Child poverty to rise under Tory austerity over next 5 years – report
The research, conducted by the Institute for Fiscal Studies (IFS), predicts families with three or more children will be hardest hit as the Department for Work and Pensions rolls back support for larger families.
Although 400,000 kids were lifted above the poverty line last year, the researchers forecast the total number of children living in poverty will reach 2.6 million by 2020-2021. The proportion of children in relative poverty will rise by eight percentage points and those living in absolute poverty by three percentage points.
While the incomes of those at the top are expected to increase at a steady rate of 2.3 percent per year, poorer families will face five years of zero growth in incomes, widening the income inequality gap, the research revealed.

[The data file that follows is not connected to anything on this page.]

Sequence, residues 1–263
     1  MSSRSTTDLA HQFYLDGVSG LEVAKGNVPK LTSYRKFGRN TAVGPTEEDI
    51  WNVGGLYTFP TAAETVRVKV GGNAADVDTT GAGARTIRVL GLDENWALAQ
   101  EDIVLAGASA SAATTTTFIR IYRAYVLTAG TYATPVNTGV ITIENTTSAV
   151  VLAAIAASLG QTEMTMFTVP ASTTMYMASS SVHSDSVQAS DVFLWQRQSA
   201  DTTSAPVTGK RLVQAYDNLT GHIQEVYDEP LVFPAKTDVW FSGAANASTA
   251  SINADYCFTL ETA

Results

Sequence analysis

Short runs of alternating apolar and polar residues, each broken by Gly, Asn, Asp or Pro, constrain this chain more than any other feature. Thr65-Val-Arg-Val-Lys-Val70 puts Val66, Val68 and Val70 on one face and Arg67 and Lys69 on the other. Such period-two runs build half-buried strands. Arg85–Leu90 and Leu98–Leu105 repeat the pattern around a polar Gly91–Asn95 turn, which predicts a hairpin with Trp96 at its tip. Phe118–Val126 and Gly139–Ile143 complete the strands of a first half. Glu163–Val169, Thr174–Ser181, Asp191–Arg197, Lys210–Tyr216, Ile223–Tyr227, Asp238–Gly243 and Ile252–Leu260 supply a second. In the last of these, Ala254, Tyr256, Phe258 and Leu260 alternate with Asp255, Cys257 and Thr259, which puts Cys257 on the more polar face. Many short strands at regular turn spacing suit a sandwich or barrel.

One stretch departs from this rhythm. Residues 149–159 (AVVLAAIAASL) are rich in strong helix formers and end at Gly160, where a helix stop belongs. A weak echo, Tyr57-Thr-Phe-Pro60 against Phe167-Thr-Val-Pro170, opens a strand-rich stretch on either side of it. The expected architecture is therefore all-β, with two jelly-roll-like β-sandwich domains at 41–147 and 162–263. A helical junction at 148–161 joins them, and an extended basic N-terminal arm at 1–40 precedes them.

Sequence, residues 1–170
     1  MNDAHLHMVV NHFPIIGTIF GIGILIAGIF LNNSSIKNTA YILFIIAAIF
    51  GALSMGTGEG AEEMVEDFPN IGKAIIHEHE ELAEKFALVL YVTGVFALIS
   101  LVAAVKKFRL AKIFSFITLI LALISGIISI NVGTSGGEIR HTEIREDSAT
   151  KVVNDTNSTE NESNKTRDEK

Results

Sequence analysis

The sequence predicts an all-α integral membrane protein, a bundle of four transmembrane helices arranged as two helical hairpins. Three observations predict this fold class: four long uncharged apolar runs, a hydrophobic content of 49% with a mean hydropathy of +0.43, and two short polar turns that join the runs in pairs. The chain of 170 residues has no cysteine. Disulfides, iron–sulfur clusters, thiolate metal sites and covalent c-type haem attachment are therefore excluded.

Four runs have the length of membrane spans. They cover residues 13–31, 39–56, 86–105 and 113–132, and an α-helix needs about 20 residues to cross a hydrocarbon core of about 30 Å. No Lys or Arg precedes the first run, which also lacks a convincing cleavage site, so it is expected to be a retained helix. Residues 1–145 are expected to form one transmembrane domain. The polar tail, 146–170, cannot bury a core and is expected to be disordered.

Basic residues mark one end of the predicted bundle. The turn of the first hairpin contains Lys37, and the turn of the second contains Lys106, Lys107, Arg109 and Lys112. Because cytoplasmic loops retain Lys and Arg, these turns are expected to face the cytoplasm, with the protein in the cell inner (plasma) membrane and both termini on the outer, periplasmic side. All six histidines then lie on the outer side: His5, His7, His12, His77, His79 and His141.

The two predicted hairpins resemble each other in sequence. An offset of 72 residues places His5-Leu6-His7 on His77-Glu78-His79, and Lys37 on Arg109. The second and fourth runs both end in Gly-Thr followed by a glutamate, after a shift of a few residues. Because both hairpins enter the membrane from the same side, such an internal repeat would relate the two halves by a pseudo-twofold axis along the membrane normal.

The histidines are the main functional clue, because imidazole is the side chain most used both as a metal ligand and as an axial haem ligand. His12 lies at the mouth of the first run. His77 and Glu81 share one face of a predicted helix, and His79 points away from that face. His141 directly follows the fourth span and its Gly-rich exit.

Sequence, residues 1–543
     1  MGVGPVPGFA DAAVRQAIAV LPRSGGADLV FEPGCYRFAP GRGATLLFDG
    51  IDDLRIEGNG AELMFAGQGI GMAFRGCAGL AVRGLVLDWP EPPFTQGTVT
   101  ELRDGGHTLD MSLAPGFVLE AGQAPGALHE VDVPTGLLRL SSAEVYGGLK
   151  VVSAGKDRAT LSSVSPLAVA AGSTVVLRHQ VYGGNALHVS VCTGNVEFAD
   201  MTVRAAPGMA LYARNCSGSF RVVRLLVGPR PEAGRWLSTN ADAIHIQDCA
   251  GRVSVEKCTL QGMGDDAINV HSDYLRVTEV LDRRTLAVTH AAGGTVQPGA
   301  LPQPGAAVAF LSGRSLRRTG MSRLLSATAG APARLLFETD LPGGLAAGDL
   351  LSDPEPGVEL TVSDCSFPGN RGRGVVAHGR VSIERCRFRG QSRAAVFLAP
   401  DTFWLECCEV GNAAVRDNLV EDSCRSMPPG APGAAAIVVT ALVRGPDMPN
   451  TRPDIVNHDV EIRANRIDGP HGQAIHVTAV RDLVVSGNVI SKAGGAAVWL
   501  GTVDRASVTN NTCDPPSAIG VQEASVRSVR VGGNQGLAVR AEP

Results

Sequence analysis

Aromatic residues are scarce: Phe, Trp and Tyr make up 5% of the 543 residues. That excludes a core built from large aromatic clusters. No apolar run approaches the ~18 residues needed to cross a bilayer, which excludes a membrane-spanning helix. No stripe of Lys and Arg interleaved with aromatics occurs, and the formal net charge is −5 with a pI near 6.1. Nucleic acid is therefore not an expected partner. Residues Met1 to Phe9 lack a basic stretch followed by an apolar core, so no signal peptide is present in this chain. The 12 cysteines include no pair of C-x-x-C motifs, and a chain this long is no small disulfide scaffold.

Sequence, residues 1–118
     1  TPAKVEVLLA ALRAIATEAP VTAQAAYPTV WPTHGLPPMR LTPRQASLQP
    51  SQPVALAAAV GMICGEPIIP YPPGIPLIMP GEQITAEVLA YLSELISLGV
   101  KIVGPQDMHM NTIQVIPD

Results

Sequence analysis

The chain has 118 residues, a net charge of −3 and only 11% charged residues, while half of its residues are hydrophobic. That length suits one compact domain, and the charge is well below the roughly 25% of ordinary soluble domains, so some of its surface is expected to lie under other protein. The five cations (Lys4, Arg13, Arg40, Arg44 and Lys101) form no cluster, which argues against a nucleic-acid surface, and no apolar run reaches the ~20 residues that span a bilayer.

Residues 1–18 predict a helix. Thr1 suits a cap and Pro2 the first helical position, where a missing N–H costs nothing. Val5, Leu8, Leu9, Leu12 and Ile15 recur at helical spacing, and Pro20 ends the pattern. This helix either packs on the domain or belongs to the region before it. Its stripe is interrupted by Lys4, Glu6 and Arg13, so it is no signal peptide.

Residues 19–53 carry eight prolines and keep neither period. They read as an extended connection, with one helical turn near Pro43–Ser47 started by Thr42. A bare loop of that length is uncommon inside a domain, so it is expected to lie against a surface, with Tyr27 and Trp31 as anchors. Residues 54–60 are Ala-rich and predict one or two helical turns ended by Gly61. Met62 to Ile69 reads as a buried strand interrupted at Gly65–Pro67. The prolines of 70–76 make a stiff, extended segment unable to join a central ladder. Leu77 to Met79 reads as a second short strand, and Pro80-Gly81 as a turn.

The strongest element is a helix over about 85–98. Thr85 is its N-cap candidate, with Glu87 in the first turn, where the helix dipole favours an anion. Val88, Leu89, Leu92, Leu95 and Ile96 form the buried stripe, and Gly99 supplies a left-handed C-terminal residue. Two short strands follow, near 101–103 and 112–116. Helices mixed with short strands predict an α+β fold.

In contrast to children and working people, pensioners will continue to see a steady improvement in their incomes.
One of the authors of the report, James Browne, said: “Following an historically slow recovery in living standards after the recession, stronger growth in household incomes at all income levels over the last two years will have been welcome news.
“For some, particularly the better off and pensioners, this is likely to continue over the next five years as earnings and state pensions grow more quickly than inflation.
“But the prospects are not so good for others, including large families with low incomes, who will bear the brunt of planned benefit cuts.”
Labour Shadow Chancellor John McDonnell said the findings prove that Tory Chancellor George Osborne’s economic recovery plan is “built on sand.” He said the report should “shame” Osborne into halting the planned cuts.
“As the report clearly states, the government’s planned tax and benefit changes are a major reason for these rises in relative and absolute poverty over the next five years.
“If you could take out the Tory planned regressive reforms then you would be able to take out the Tory increases in child poverty too.”